Among School Children by W.b. Yeats. Poetry Analysis
Among School Children explores the reflection of life and mortality, as famous Irish author Yeats confronts the mistakes of his past. In Among School Children, Yeats explores the motivations and values of humanity through the speaker’s confrontation of his own mortality supported by allusion, structure and diction.
The work begins with the speaker being forced to confront his own age and mortality when among school children. He stands as a “sixty year old smiling public man” (8). Forced to confront his own age, he reflects on and assesses his life as he is no longer one of the school children.
In the second stanza he alludes to the tale of Leda, a beautiful woman and mother of Helen. The poet interprets the Greek myth as Zeus raping or seducing Leda in the form of a swan, and Leda later giving birth to Helen of troy. An unnamed woman, and her ledaean beauty, stands in as one of his regrets, he alludes to Plato’s parable, the concept of two halves of a whole being separated at birth, growing apart but wanting to find each other. This is likely a reference to his love, Maud Gone, who he attempted a relationship with and proposed to many times over the course of their friendship. This allusion to the unnamed woman continues into the third stanza when he muses about the beauty of youth, comparing her to the daughter of the swan, Helen of Troy, the most beautiful woman on earth. The diction surrounding the unnamed woman shifts upon the confrontation of age once again. His words once describing her as daughter of the swan, and using phrases like “and had that color upon cheek or hair, and thereupon my heart is driven wild she stands before me as living child” he is forced to confront the deterioration of beauty with age as he recalls her current appearance. His own ageing as addressed and dismissed with the phrase “had pretty plumage once-enough of that”(30). This dismissal illustrates the speaker’s struggles with ageing and loss of his own youth and his difficulty accepting that. This is a major theme of Yeats later poetry as he struggles deeply with his age and regrets during his time in the Black Tower.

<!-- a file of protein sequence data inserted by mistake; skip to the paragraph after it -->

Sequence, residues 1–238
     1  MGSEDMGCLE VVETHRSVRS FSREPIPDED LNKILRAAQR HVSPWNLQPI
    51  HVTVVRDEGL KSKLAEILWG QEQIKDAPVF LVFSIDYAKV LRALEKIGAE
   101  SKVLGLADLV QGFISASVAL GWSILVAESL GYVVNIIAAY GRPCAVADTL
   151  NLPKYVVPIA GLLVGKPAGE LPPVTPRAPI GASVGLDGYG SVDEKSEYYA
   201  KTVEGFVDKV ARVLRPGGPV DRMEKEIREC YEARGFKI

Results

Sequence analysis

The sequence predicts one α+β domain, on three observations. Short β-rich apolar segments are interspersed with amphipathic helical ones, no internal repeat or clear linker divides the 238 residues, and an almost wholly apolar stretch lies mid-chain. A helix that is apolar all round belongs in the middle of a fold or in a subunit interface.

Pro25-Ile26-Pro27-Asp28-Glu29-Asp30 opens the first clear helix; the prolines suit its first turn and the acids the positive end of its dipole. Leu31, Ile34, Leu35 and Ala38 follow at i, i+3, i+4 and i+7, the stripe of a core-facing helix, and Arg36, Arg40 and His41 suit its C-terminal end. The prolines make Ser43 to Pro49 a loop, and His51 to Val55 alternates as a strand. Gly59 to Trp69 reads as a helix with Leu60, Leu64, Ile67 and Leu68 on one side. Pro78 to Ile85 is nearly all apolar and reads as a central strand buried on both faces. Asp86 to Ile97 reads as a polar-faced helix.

In the fifth stanza the speaker refers to his age once again. The confrontation of age continues as he muses about what a mother would think of her son “with sixty or more winters on his head”. The use of winters rather than years creates a tone of age and weariness rather than youth and vigor. In the sixth stanza it alludes to multiple well known figures, Plato, Aristotle, and Pythagoras. Rather than celebrating their achievements his word choice underrates them with phrases such as “a ghostly paradigm of things and bottom of the king of kings” (42-44). He instead chooses to emphasize that these are all men too with the line “old clothes upon old sticks” (48), men who are mortal as well and age. The diction and allusions throughout the poem illustrate the speakers struggle with his own age and mortality as he reflects on his life and attempts to evaluate the worth of a life. The dismissal of accomplishments and focus on the aging process reveals that with age comes the loss of accomplishments and the focus on failures and mortality.
The poems structure also supports the speaker’s difficulty with impermanence. The poem is structured in eight octets, each octet is able to explore the frailty and loss of a different element from beauty, love, faith, youth and innocence and conclude with a reflection on the worth of life. The allusions to outside figures, diction surrounding them and the structure of the poem enhances the speaker’s confrontation with age and mortality. It is through this confrontation the ideas of love, art, success and youth are explored and reflected upon as well as the value of a human life.
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